MP district chosen for pilot program
By Katie Zerr
The South Dakota Department of Education Teacher Effectiveness program is a research project through the University of South Dakota. The Mobridge-Pollock Middle School staff will respond to surveys and data requests and will be asked to participate in a focus group in the spring of 2014.
“I am really excited about this,” Frederick told the board. “The nice thing about the program is that all of our schools will receive the training and funding though the middle school staff will be doing the bulk of the work.”
The training will include sessions on professional practice and student growth. There will also be in-school coaching paid for by the State of South Dakota, for both administrators and staff. These in-school coaching days will be structured to meet the needs of Mobridge–Pollock schools.
The middle school staff will receive licenses for a software program called “Teachscape Focus” which will provide instructors and administrators with training on the South Dakota Framework for Teaching program.
The evaluation program developed through this research project will be used statewide in 2014-15.
The board also heard explanations from the district’s finance officer and principals on changes in programs and the student handbooks for 2013 -14 school year.
Finance Officer Kim Schneider told the board current meal prices for breakfast and lunch at the schools would need to be raised for the 2013-14 school year.
“We offer our breakfast and lunch program at a very good price,” she said. “But according to the pricing tool for the 2013-2014 school year, we should be increasing those costs by a minimum of 10 cents for lunch and five cents for breakfast.”
With board approval, the cost of breakfast for students kindergarten through fifth- grade will be $1.30 and $2.35 for sixth through 12th grades. Lunch prices will increase to $2.15 for kindergarten through fifth-grade and $2.35 for sixth through 12th grades.
“Even with the increase we are below the state average,” Schneider told the board.
Changes in student handbooks were also discussed with tardiness and absences among the most important changes.
Elementary Principal Jill Olson told the board the biggest challenges in the lower elementary are absences and tardiness.
“We need to help our parents make this a priority,” she told the board. “If parents don’t call us to let us know their child is not coming to school, we spend a lot of time tracking down the student.”
Students will be allowed four excused absences a quarter. They will also be allowed four tardies during a quarter. Olson told the board it is very important that younger children get into the routine of school early and not miss part of the morning schedule.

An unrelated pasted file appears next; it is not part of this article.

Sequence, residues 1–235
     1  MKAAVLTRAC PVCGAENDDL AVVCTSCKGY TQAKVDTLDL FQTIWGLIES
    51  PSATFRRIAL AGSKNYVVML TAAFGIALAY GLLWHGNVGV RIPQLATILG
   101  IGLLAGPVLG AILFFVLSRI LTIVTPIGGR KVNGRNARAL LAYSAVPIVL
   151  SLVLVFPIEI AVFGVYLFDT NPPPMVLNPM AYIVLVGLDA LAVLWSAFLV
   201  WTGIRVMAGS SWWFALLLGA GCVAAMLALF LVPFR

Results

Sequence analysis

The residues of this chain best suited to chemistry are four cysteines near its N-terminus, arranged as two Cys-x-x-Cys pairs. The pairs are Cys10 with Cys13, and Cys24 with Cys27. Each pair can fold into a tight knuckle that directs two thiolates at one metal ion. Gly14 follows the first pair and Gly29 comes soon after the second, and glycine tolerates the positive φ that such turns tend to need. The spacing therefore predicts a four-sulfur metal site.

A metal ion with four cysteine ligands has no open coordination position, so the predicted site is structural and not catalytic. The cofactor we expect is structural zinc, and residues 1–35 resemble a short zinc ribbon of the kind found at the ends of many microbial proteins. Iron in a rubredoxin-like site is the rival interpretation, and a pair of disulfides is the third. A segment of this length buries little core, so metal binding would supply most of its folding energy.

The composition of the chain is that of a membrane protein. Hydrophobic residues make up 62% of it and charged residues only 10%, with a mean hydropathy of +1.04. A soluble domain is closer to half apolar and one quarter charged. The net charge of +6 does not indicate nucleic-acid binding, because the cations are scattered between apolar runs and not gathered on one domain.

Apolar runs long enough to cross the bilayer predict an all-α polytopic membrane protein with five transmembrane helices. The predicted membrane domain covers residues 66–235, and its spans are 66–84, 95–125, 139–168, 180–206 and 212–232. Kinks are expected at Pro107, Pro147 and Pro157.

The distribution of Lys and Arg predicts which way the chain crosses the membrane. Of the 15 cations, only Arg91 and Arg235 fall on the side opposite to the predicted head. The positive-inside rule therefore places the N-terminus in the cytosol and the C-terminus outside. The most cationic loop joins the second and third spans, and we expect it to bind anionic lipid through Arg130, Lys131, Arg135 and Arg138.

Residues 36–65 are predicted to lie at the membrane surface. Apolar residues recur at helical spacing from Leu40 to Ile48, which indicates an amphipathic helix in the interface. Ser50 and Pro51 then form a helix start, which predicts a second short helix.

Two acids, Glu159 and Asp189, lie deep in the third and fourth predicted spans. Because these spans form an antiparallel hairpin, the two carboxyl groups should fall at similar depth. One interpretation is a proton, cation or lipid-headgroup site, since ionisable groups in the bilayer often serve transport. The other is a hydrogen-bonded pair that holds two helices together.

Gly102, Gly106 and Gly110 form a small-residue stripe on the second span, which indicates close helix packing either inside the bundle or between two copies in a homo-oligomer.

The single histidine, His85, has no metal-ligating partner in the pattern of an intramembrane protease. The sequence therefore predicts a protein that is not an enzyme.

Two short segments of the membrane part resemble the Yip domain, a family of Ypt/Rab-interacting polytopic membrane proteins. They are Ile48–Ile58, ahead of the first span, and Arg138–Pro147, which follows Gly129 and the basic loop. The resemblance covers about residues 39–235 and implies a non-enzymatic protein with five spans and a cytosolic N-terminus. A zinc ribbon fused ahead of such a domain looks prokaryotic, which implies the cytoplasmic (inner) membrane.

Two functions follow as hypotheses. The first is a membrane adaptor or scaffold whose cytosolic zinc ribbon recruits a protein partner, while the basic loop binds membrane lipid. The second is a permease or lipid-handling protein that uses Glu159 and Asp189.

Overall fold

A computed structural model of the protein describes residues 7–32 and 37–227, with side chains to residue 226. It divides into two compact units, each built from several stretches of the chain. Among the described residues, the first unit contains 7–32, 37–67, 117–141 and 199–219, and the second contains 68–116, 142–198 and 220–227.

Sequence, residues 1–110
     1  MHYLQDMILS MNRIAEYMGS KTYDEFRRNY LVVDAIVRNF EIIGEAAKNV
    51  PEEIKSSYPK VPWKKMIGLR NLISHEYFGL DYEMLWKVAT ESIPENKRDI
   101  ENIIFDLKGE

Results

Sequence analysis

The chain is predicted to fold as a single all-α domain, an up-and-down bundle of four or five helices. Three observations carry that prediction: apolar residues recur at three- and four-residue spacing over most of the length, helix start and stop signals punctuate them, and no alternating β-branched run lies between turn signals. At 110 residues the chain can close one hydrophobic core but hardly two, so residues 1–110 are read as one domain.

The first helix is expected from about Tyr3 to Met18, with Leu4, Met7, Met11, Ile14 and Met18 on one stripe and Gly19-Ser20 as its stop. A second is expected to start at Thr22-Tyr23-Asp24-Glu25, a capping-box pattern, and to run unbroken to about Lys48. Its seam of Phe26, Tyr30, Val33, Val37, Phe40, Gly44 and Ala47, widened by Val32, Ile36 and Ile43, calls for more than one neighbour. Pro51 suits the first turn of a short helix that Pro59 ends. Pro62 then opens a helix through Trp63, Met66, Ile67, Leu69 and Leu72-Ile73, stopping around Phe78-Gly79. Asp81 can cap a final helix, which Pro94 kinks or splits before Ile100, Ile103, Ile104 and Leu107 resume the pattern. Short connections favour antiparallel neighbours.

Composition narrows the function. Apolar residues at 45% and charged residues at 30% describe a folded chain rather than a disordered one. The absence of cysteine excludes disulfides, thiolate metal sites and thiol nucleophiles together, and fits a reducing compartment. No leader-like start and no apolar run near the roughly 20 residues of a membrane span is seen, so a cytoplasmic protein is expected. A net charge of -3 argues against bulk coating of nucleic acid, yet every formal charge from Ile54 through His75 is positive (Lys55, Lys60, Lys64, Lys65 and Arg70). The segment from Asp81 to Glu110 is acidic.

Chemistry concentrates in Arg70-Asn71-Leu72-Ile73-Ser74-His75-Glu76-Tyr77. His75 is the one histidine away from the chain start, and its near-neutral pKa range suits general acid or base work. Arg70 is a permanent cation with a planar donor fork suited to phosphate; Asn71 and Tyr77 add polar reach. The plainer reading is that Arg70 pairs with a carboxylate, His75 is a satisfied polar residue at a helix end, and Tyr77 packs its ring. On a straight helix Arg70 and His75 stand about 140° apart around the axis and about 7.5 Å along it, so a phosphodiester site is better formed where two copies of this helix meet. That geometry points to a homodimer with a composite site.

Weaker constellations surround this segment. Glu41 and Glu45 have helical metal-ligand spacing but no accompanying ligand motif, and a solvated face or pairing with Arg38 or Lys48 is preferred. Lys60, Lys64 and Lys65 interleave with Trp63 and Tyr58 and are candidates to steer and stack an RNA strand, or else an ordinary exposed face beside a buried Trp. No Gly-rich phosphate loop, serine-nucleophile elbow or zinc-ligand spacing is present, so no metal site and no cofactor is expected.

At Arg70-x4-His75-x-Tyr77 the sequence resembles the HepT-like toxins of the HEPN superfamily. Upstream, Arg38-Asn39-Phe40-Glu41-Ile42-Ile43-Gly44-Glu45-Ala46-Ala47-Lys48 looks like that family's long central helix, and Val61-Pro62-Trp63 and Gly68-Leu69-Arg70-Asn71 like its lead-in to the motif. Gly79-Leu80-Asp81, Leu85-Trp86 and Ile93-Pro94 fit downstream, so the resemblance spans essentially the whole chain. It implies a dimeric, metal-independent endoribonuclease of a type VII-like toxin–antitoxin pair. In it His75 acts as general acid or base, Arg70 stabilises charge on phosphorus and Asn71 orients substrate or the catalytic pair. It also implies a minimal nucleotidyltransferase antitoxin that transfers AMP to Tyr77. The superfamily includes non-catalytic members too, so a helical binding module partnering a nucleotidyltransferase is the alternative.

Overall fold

The handbooks will supply the information on what is an excused absence and what will be done if parents and children do not make attending school a priority. Olson told the board the administration is working well with new Walworth County State’s Attorney James Hare, who is concerned about truancy and the enforcement of the laws.
High School Principal Andrew Overland also discussed tardies and absences and how these rules would impact open campus for seniors. Since being late to one class during the school day can count as one tardy, students will get seven chances to get to class on time before detention is required.
He explained that excused absences would also be spelled out in the handbook, as some parents need to understand what does and does not fall under the excused absence rule.
There are also changes in the cell phone, prom and locker policies that parents will need to make themselves familiar with, Overland told the board.
These changes will also be updated in the middles school handbook.
Olson told the board that the summer program, Tiger Kids, made possible with a 21st Century grant, is working out well for the district. The program has two daily sessions, morning and afternoon, with 20 students in each session. There is an hour and a half for academics and hour and half for physical education each session.
Instructors Mary Ludeman and Shalena Meyer explained the program and activities in the both the morning and afternoon sessions.
Ludeman told the board each week of the program has a theme and students use iPads, which were purchased through the grant, to read books, watch videos and research animals of their choice.
Since the students range from kindergarten through seventh grade, Ludeman said there is a wide range of activities for the groups. The students are paired together, one younger with one older student, for some activities.
Meyer told the board the program incorporates a lot of hands-on activities that keep the learning fun. On Tuesdays, the classes go fishing as part of the physical education activities.
Partnering with members of the community is also part of the program. During the first week, the students took a trip to Pets N Stuff where owner Tami Schanzenbach gave them a tour of the store and information about each type of animal there.
Olson said there are a few slots open in the afternoon sessions in July and interested parents should call her office for information.
– Katie Zerr –